International schools – our role in preparing future global citizens

Posted on 19th Aug 2016 in International Schools, School News, United States

Michael Maniska, Head of School at the International School of Los Angeles (LILA), looks beyond the buzzwords...

Just about every school website these days claims to be preparing their students for global citizenship. However, the term itself is but a buzzword if we, as educators at international schools, do not use methods specifically designed to prime our students for life in today’s already globalized world.

What are these strategies that international schools should employ to ensure that our students are able to embrace a complex, fast-changing, and diverse world?

A successful, well-rounded approach will include a rigorous bilingual program, service learning, and a student well-being program, all complemented by a number of fully immersive travel experiences (both local and overseas). 

It is already known that bilingual or multilingual students cognitively outstrip their monolingual counterparts. Much has been documented about the enhanced functioning of the brain through the transfer of skills from one language to another. An integral part of preparing students for their unknown futures is undoubtedly equipping them with the ability to communicate with diverse groups and with a strong intercultural capacity. There is no better platform for these competencies than bilingualism.

International schools can attest that the bilingual experience produces discernible benefits. The ability to listen, speak, read, and write in another language is the most obvious of these, and possibly the easiest to identify and measure. The next advantage is the facility to recognize that meaning is constructed through language; syntax and semantics are vehicles for deconstructing how other people think. This leads to deep intercultural understanding. The bilingual student implicitly understands that not everyone thinks the same way and can leverage this reality in his/her interactions. The deepest and most powerful trait of the bilingual child is openness to others: bilingual students are not easily fazed; rather, they process information deeply instead of offering simplistic perspectives.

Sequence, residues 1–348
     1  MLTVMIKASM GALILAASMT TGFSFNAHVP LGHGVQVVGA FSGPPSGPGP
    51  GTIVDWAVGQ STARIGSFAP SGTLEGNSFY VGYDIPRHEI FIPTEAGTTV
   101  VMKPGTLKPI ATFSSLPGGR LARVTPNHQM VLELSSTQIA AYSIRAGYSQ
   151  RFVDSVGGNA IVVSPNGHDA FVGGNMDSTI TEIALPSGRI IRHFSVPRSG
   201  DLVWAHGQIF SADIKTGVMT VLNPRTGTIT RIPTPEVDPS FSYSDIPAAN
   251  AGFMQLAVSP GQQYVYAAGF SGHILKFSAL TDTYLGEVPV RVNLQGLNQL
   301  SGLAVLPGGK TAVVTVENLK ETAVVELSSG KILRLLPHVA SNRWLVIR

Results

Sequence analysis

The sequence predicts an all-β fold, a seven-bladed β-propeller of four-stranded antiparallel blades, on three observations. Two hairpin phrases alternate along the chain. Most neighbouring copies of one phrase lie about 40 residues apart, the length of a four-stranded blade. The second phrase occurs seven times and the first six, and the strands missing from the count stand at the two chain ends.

To enhance the English/French program at the International School of Los Angeles, we have implemented a couple of strategies to reinforce our students’ bilingualism. From preschool until 9th grade, our students study in French for approximately two-thirds of instructional time and one-third in English. In addition, this year, the School’s elementary students have a dedicated bilingual hour, which is co-taught by their French and English teachers. This is a space where students explicitly focus on "moving between languages" in order to cement ideas and enhance the transfer of knowledge from Language 1 to Language 2 (our students are not exclusively one or the other).

Service learning is another vital component in an international school’s education. We must invite our students to "reach out" rather than "reach in". In the same way that we put another language in front of them, so too must we expose them to people who have fewer choices than they do. We must help our students experience first-hand what it means to be part of a diverse world in terms of socio-economic status, culture, disability, access, and opportunity.